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There must be reliable, conscientious, thoughtful men somewhere in creation. Phyllida stood back from the entrance to the narrow alleyway and scanned the bustling Customs House quay. Unfortunately my dear brother is not one of them. Which should be no surprise as their sire had not had a reliable, conscientious bone in his body and, his undutiful daughter strongly suspected, not many thoughts in his head either beyond gaming, whoring and spending money.
And now Gregory had been gone for twenty four hours with the rent money and, according to his friends, had found a new hell somewhere between the Tower and London Bridge.
Something tugged at the laces of her half boots. Expecting a cat Phyllida looked down to find herself staring into the black boot-button eyes of the biggest crow she had ever seen. Or perhaps it was a raven escaped from the Tower? But it had a strange greyish head and neck which set off a massive beak. Not a raven then. It shot her an insolent look and went back to tugging at her bootlaces.
‘Go away!’ Phyllida jerked back her foot and it let go with a squawk and went for the other foot.
‘Lucifer, put the lady down.’ The bird made a harsh noise, flapped up and settled on the shoulder of the tall, bare-headed man standing in front of her. ‘I do apologise. He is fascinated by laces, string, anything long and thin. Unfortunately, he is a complete coward with snakes.’
She found her voice. ‘That is unlikely to be a handicap in London.’ Where had this beautiful, exotic man with his devilish familiar materialised from? Phyllida took in thick dark brown hair, green eyes, a straight nose – down which he was currently studying her – and golden skin. Tanned skin in March? No, it was his natural colour. She would not have been surprised to smell a hint of brimstone.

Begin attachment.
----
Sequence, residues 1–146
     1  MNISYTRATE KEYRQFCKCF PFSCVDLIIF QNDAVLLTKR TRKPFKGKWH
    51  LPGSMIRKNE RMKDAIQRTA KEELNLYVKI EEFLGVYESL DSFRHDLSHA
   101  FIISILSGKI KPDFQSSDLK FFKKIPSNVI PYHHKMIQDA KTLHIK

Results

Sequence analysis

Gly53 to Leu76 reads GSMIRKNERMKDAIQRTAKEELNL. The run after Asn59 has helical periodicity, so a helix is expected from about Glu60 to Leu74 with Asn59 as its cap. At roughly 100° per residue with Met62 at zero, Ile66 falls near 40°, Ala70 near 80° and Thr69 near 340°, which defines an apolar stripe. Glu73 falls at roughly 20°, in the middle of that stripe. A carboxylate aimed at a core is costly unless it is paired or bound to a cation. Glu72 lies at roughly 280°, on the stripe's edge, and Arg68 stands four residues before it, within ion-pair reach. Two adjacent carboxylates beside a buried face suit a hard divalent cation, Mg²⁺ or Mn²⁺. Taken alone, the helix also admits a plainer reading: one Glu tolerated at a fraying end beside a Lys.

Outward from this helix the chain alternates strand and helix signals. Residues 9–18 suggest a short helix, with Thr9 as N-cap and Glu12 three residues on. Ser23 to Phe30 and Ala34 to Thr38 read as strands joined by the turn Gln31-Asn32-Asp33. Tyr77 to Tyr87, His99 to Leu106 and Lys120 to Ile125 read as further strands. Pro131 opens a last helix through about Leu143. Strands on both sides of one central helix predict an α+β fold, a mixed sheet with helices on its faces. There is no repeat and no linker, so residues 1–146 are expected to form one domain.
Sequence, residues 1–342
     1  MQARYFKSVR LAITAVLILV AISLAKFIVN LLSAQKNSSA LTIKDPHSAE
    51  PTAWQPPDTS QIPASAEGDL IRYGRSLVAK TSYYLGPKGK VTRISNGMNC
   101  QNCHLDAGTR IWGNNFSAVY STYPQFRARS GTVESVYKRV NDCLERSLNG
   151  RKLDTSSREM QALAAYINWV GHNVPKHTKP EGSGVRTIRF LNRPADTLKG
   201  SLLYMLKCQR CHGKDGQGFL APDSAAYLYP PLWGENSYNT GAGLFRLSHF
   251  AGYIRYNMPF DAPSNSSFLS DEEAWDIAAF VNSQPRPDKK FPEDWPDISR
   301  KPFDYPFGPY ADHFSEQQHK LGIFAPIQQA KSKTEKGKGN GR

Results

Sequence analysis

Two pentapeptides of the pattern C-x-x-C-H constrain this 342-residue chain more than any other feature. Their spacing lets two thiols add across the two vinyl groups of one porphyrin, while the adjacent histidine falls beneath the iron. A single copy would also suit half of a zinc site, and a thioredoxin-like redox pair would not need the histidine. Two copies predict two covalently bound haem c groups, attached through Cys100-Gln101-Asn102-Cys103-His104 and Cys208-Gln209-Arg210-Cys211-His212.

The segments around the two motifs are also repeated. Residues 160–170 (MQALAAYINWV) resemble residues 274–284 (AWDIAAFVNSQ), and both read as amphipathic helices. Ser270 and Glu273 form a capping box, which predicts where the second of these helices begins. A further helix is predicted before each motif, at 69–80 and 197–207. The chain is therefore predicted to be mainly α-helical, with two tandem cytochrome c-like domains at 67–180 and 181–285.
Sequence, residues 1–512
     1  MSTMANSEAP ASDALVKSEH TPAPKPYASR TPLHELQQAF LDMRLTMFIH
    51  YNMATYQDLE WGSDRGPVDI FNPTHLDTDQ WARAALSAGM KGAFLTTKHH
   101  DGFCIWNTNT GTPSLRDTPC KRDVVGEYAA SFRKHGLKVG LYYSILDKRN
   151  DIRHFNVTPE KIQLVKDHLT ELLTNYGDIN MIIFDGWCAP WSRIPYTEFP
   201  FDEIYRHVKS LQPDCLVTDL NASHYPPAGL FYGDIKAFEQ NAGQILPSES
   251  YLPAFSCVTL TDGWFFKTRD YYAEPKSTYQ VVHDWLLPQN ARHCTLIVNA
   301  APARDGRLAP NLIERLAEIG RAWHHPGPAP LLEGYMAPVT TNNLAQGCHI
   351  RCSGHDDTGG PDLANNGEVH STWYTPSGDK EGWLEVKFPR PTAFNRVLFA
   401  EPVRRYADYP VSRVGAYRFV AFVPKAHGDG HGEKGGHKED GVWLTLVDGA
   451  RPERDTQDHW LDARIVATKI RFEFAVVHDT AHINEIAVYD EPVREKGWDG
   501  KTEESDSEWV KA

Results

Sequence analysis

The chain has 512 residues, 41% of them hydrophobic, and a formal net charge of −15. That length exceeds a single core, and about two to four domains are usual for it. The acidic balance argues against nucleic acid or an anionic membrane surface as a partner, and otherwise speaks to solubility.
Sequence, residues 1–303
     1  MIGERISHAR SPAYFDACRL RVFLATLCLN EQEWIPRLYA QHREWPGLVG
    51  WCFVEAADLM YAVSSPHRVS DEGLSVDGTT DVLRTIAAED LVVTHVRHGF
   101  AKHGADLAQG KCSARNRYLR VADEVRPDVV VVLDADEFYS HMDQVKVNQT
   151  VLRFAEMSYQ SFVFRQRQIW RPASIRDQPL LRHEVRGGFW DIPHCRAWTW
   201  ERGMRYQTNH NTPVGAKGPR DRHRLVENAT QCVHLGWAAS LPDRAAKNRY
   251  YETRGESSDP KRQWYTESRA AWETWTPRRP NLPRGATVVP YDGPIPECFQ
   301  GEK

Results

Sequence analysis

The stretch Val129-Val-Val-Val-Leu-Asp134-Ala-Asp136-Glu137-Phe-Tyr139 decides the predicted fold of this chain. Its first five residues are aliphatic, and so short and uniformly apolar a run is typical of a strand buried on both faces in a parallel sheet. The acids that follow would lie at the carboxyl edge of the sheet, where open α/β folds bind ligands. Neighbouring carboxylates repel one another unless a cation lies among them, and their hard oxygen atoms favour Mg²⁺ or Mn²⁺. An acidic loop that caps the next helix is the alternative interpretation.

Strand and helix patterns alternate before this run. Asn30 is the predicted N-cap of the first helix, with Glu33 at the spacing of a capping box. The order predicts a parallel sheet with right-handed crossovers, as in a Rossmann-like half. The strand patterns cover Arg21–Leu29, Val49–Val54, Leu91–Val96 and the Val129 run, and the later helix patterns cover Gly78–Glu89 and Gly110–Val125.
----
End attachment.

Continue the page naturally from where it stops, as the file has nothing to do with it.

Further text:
‘So I understand.’ He reached up and tossed the bird into the air. ‘Go and find Sara, you feathered menace. He swears if he’s confined to a cage,’ he added as it flew off towards the ships at anchor in mid-stream. ‘But I suppose I will have to do it or he’ll be seducing the ravens in the Tower into all kinds of wickedness. Unless they are merely a legend?’
‘No, they are real.’ Definitely foreign then. He was well-dressed in a manner that was subtly un-English. A heavy black cloak with a lining that was two shades darker than his eyes, a dark coat, heavy silk brocade waistcoat, snowy white linen – no, the shirt was silk too. ‘Sir!’
He had dropped to one knee on the appalling cobblestones and was tying her bootlaces, allowing her to see that his hair was long – an unfashionable shoulder-length, she guessed – and tied back at the nape of his neck. ‘Is something wrong?’ He looked up, face serious and questioning, green eyes amused. He knew perfectly well what was wrong, the wretch.
‘You are touching my foot, sir!’
The gentleman finished the bow with a brisk tug and stood up. ‘Difficult to tie a shoelace without, I’m afraid. Now where are you going? I assure you, neither I nor Lucifer have any further designs upon your footwear.’ His smile suggested there might be other things in danger.
Phyllida took another step back, but not away from assaults on her ankles or her equilibrium. Harry Buck was swaggering along the quayside towards them, one of his bullies a pace behind. Her stomach lurched as she looked around for somewhere to hide from Wapping’s most notorious low-life. Nausea almost overcame her. If, somehow, he remembered her from nine years ago…
‘That man.’ She ducked her head in Buck’s direction. ‘I do not want to be seen by him.’ The breath caught in her throat. ‘And he is coming this way.’ Running was out of the question. To run would be like dragging a ball of wool in front of a cat and Buck would chase out of sheer instinct. She hadn’t even got a bonnet with a decent, concealing brim on it, just a simple flat straw tied on top of a net with her hair bundled up. Stupid, stupid to have just walked into his territory like this, undisguised and unprepared.
‘In that case we had better become better acquainted.’ The exotic stranger took a step forward, pressed her against the wall, raised one cloak-draped arm to shield her from the dockside and bent his head.
‘What are you doing – ‘
‘Kissing you,’ he said. And did. His free hand gathered her efficiently against his long, hard body, the impudent green eyes laughed down into hers and his mouth sealed her gasp of outrage.